The Supreme Sound Journey is the first web experience I ever saw. Itâ€™s part of a website of a headphone brand called Skullcandy. The experience scrolls through different pages about the proÂ duct, but the way of scrolling is incredible! You twist, rotate and flip over in every direction expect straight like a normal scrolling page. The content of the site is also rotated, something completely new and hardly used on the web. I was flabbergasted by the uniqueness and awesomeness of this journey.
SUPREME SOUND 20
ADAM HARTWIG 21
During my stay in Australia I’ve done an internship at Red Tiki. I fell in love with their website and slogan saying “We make websites and drink cocktails”. They bring fun to any website they deliver. Illustrations, animations and humor makes the site come to live. The creative coconuts are selected by their great talent and together with a team of die-hard programmers they can make anything. I love their mentality and way of life. No worries is the motto I’m trying to pursue.
RED TIKI 22
In 2009 I’ve done an internship with Mediakings and they’re a big inspiration for me. Not highly educated and almost entirely self-taught they managed to create a very successful design agency. They made me want to do webdesign, want to understand it. They made me realize educating is not everything: self teaching and working hard can make you reach your goal despite the education. They’re my mentors, I can always ask for help and advice. Ever since that internship they’re my dreamjob. I really hope I can work there after graduating.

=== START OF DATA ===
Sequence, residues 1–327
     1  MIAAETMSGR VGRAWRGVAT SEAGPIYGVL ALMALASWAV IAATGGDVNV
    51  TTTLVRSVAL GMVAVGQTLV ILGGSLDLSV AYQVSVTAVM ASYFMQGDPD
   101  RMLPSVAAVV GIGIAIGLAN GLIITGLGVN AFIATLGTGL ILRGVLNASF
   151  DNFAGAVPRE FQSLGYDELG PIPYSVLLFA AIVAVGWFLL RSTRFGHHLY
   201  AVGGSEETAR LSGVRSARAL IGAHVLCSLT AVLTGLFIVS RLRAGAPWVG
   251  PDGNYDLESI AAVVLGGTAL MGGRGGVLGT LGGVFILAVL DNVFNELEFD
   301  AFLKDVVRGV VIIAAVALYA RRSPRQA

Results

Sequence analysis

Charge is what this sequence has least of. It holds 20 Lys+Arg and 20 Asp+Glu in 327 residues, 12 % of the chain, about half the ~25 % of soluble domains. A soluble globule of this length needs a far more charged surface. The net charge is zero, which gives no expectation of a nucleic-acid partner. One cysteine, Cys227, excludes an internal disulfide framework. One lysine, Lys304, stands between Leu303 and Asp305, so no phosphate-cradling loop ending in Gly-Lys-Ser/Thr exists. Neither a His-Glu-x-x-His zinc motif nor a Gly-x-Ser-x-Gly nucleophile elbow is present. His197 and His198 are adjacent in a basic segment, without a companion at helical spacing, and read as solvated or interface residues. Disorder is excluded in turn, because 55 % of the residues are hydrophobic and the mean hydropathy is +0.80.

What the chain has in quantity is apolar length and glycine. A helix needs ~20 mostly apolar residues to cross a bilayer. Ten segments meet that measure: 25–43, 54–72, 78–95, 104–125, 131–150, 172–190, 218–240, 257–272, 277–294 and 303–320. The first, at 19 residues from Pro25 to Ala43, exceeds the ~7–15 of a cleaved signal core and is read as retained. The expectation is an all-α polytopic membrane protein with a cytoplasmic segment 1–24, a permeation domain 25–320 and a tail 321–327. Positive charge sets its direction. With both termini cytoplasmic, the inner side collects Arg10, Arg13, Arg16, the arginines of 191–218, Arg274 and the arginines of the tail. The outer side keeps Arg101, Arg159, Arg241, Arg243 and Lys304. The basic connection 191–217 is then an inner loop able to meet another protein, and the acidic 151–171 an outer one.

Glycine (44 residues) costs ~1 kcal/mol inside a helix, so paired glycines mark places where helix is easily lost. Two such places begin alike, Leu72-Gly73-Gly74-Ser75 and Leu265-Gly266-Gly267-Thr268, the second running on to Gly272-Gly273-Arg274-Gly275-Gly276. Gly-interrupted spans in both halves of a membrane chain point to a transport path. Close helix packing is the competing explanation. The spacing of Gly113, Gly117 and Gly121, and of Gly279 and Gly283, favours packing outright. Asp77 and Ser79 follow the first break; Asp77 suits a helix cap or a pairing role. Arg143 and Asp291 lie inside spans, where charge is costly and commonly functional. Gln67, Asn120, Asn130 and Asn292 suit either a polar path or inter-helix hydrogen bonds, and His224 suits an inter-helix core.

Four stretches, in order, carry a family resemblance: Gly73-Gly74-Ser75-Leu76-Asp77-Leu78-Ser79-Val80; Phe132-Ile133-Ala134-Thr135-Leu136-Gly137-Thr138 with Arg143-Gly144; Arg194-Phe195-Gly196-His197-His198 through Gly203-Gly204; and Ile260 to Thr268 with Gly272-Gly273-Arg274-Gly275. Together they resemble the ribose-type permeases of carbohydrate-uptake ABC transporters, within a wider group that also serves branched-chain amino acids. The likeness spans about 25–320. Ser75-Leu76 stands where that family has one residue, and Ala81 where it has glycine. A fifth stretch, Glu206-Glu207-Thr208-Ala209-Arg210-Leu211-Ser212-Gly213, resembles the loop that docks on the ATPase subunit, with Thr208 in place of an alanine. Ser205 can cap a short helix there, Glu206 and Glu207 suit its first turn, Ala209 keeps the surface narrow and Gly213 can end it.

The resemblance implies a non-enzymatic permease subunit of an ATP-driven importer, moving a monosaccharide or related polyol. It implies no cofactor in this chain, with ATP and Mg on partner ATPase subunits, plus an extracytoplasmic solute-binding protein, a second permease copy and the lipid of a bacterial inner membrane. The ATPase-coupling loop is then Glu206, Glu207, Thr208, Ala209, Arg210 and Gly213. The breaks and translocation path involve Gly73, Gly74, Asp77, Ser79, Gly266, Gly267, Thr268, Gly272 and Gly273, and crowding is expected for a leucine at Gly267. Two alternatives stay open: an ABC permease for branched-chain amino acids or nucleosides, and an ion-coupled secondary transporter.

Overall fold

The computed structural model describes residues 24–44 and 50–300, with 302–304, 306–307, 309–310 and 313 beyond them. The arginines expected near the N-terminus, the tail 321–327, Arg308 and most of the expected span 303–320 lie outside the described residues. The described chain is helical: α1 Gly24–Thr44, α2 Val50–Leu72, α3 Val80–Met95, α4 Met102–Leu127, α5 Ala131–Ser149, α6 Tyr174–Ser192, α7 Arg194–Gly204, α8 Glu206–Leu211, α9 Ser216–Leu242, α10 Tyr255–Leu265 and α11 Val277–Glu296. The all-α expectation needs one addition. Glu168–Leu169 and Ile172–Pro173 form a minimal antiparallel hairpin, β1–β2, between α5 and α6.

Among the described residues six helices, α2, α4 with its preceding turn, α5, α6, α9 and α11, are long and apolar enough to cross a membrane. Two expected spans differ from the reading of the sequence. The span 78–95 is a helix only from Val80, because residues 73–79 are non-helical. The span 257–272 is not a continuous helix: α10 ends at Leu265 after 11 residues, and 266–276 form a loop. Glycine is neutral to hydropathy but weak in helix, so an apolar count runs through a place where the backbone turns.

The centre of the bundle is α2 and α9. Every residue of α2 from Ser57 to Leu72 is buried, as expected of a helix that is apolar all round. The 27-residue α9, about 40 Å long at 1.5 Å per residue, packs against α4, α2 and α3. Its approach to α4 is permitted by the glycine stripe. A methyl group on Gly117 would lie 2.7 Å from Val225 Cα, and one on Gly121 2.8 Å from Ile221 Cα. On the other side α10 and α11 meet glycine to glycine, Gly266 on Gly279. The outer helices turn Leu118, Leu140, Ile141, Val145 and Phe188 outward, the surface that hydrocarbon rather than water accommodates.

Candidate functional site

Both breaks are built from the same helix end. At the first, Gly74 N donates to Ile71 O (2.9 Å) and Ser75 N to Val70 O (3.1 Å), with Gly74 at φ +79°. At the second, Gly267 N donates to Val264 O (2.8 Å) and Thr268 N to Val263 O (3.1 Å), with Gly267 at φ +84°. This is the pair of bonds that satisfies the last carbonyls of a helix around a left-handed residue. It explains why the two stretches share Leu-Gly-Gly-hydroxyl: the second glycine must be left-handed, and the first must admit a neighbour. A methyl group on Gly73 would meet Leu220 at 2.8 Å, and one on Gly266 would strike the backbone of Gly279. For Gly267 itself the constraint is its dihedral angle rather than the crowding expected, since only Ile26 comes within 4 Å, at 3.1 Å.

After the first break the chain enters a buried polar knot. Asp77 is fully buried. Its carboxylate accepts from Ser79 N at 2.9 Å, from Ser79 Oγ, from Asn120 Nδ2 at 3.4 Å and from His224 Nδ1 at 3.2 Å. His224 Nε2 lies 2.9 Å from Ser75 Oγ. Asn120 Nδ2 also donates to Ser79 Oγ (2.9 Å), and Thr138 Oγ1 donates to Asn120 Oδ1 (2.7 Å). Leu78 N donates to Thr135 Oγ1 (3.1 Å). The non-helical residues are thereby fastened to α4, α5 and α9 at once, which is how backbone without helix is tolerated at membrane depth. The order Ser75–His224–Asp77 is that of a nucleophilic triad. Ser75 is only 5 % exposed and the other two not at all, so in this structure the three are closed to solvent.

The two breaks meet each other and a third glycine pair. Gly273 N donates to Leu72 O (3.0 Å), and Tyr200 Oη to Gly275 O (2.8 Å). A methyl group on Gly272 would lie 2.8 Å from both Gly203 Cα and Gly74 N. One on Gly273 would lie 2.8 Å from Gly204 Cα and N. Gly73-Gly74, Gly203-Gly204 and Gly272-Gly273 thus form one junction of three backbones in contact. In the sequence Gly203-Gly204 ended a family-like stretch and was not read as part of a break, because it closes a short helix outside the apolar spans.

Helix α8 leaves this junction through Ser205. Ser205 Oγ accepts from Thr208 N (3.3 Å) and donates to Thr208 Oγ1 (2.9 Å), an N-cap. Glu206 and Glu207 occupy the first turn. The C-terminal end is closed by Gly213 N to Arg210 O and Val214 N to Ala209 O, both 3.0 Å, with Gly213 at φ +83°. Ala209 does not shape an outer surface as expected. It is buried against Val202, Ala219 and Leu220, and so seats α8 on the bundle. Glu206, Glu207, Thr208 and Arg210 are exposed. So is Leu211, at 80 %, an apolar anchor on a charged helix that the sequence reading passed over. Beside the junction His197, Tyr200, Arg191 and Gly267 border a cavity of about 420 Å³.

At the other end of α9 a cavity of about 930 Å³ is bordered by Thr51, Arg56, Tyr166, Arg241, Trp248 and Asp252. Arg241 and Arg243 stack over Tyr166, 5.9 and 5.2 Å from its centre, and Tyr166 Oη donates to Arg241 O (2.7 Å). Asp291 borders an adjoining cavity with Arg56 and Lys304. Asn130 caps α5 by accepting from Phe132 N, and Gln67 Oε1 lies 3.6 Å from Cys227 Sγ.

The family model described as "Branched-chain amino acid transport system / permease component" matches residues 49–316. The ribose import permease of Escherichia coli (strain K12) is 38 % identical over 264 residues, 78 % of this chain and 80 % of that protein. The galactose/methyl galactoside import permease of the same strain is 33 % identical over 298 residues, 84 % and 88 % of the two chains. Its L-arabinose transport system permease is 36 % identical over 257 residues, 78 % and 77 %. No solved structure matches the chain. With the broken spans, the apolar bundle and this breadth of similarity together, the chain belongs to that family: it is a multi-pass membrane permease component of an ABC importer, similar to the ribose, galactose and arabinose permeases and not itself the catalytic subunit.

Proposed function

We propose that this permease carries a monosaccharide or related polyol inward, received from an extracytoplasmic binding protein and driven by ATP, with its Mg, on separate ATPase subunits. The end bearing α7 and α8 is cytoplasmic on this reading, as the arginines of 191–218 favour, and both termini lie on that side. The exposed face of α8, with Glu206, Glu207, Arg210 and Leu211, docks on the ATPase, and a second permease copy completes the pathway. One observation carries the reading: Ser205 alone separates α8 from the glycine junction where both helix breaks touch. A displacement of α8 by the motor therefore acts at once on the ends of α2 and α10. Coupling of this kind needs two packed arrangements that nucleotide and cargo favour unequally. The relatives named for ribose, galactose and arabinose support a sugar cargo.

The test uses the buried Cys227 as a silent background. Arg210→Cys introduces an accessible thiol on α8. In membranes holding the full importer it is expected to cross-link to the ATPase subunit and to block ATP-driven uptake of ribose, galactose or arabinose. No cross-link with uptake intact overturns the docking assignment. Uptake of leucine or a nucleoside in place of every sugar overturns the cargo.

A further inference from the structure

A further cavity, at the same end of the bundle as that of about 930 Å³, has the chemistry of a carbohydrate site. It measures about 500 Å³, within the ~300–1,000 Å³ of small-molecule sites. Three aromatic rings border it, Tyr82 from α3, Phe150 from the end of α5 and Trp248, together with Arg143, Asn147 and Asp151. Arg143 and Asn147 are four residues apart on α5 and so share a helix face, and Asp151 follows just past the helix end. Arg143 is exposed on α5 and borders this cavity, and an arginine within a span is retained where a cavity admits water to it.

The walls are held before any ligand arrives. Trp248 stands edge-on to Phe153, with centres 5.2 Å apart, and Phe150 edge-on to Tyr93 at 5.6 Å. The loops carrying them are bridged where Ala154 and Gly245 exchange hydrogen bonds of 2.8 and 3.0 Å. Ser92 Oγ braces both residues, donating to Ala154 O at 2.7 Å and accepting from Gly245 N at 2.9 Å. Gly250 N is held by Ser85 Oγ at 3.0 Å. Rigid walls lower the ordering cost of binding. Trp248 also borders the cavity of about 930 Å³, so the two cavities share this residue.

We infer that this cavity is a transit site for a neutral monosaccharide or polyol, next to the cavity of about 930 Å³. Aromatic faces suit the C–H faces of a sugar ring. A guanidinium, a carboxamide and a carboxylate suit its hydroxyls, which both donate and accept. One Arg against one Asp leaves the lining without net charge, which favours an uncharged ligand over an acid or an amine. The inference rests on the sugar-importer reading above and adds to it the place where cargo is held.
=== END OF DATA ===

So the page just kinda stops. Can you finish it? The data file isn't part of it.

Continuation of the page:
It’s probably a cliche to name your dad as a hero. But in my case he really is. Being a photographer and graphic designer, just like myself, he’s been a long life teacher and inspiration. Especially when it comes to photography. He has great concepts, knows how to find the right people for the job (model, stylist, locations), he’s great with photoshop bust most important: he aims for perfection. Lightning, details and the finishing touch. Because of him and the things he taught me I started to do photography myself.
JOS VAN DEN BERG 24
Hereâ€™s cliche number two: my best friend Kim. The art she makes is usually a cause of boredom, so she starts sketching. She managed to create a very own and very unique style which feels like a combination between Tim Burton, H.R. Giger and manga with a nice sauce of Kim on top. Black and white, just with a pen and often drawn in the train, her style is sketchy but with a great amount of detail and very recognizable. Without any education she knows how to claim her own style, I wish I could do the same thing!
Rinus Souisa must be one of the most inspiring people I ever met. He’s Samoan, he’s huge, he’s a tattoo artist, he competes in strongest man competitions, he loves folklore and competes in the traditional Zeeuwse sport: ringrijden, he’s battling to get finances for medical tattoos, he travels the world, helped kids who were victim of the tsunami and he’s a member of motorclub Satudarah. To me, Rinus is a man of contradicts and a person who loves life to the fullest. He does what he loves and knows how to find a way to make it important.